As an Oxford MP, Nicola has seen the appalling devastation caused by child sexual exploitation as it emerged that a violent gang had been grooming and sexually abusing children in Oxford for at least eight years. The victims spoke of being plied with hard drugs, beaten and repeatedly raped by strangers. On Tuesday 3rd March, the Oxfordshire Safeguarding Children Board (OSCB) published its Serious Case Review (SCR) into Operation Bullfinch in Oxford.
The SCR has found that over 300 young people were groomed and sexually exploited by organised gangs of men between 1999 and 2014 in Oxfordshire. The report details how key agencies in Oxfordshire, including Thames Valley Police, Oxfordshire County Council, Oxford City Council, local NHS services, and voluntary services systematically failed to identify, let alone respond to, serious and widespread child sexual exploitation (CSE) in Oxford until late 2010, despite the fact that ‘the level of information known by 2007 was not dissimilar to that which was sufficient in 2011 to trigger… Bullfinch’.
Although few formal disclosures were made, disturbing indications of serious sexual abuse were neither recognised nor investigated. On the few occasions front line staff raised the alarm, their concerns were neither taken seriously nor raised with senior managers who could make a strategic decision to intervene and stop the abuse. The Review does recognise, however, that since Operation Bullfinch there have been further successful CSE prosecutions, a Multi-Agency Safeguarding Hub and the Kingfisher Team set up demonstrating Oxfordshire has worked to improve its response to CSE. However, in the light of the SCR’s findings, Thames Valley Police have referred themselves to the Independent Police Complaints Commission (IPCC) and Oxfordshire County Council has referred itself to the Health and Care Professions Council (HCPC) for further investigation.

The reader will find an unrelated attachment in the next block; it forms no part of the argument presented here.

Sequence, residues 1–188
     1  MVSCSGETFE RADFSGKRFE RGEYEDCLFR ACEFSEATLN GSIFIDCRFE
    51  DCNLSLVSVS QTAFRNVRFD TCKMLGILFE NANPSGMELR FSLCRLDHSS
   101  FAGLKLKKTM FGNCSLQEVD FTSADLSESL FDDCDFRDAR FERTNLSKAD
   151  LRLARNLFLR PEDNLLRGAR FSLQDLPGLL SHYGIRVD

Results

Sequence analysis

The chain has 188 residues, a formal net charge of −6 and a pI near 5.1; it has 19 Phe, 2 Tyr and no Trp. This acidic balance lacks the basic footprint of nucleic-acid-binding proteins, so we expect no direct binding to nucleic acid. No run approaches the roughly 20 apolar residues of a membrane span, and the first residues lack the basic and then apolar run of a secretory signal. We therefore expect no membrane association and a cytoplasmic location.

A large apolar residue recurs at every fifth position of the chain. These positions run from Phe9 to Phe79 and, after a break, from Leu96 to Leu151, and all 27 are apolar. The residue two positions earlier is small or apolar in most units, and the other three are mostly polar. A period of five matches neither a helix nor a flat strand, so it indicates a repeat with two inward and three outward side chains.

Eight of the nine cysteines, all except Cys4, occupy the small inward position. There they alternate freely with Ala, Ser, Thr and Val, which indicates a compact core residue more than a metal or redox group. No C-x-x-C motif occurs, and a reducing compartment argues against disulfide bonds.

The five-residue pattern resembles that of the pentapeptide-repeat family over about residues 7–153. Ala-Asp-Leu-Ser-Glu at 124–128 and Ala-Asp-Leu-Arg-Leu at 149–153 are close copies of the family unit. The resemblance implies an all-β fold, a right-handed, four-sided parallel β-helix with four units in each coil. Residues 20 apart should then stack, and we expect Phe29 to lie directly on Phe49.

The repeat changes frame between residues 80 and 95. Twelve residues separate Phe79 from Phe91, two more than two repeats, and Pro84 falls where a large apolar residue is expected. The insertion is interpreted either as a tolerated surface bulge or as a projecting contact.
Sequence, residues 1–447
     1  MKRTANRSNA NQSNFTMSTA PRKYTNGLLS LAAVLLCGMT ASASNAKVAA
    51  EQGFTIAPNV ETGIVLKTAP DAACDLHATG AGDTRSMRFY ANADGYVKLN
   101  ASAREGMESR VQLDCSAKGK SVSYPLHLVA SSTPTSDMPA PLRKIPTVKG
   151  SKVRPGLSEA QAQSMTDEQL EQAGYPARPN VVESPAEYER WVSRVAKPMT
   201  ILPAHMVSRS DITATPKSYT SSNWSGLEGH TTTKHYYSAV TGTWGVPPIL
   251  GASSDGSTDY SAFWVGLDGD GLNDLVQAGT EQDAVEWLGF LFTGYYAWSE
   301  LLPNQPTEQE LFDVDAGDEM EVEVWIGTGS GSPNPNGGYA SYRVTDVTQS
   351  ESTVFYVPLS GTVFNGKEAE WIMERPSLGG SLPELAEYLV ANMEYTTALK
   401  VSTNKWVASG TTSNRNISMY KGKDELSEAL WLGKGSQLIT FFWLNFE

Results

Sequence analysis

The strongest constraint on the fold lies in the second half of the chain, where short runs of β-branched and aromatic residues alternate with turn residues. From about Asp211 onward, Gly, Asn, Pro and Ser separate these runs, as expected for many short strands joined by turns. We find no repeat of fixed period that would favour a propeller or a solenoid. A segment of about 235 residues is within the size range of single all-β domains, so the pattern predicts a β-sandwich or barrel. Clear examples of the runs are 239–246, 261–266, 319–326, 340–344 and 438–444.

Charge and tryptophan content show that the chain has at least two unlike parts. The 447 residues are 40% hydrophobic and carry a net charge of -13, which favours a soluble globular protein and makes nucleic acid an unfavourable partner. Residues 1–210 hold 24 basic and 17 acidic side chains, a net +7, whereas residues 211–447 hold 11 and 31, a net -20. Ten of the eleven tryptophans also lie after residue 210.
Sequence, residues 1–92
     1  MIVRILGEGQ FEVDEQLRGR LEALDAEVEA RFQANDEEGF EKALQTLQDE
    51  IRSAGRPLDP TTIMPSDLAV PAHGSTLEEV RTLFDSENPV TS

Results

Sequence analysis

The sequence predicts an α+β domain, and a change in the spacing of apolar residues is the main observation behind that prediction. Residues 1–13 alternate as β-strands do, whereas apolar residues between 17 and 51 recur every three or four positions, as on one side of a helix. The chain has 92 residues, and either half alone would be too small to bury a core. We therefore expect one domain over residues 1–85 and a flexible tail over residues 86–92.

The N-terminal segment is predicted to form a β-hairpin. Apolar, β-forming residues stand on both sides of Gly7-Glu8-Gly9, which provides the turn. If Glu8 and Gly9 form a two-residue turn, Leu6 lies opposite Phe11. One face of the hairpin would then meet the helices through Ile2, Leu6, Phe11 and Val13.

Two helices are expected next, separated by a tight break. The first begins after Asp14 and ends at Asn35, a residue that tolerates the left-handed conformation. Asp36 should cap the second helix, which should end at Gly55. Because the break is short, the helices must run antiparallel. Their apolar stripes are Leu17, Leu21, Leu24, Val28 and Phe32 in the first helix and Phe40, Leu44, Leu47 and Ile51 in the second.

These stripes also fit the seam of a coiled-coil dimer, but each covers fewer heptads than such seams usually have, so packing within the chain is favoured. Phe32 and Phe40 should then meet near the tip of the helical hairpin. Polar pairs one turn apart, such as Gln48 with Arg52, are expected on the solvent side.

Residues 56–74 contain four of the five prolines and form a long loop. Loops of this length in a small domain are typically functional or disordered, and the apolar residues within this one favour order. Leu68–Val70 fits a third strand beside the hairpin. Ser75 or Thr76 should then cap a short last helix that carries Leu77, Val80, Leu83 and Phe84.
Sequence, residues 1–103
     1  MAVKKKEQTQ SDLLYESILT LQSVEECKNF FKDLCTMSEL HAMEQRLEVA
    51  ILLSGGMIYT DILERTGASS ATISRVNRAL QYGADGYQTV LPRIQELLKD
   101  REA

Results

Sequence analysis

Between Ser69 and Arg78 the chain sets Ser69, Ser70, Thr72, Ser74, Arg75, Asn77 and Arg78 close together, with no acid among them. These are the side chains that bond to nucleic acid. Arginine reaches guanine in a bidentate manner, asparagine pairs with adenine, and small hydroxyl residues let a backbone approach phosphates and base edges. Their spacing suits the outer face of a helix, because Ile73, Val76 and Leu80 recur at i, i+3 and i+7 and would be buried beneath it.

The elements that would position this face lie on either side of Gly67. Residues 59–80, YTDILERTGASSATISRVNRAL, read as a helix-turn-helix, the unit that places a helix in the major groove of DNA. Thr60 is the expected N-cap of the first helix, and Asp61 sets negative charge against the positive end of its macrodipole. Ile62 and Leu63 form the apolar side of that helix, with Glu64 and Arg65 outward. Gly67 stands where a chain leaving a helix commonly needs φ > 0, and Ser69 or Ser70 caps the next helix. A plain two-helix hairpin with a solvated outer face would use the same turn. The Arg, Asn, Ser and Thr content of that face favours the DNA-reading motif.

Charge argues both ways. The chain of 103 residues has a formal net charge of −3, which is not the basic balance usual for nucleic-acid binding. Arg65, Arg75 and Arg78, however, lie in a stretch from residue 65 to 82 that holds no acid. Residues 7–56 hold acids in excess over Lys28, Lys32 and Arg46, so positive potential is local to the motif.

Nicola has met with the OSCB and has spoken with the report’s author to discuss the details of the SCR process and its findings. They informed her that all agencies had cooperated fully with the Review.Nicola also attended a summit at Downing Street held by the Prime Minister on 3rd March to further discuss these measures with the relevant Secretaries of State, leaders from local authorities, children’s services, health professionals, Chief Constables and experts in child protection.
The Government has published a report into the action being taken to tackle CSE, in which measures have been announced such as a national whistle-blowing helpline, new duties on the police to co-operate across force boundaries, and more support for victims of CSE. The revised ‘Working Together’ guidance will also introduce an expectation that Local Safeguarding Children Boards undertake regular assessments of local responses to CSE. Please click here to read the report in full: Tackling Child Sexual Exploitation.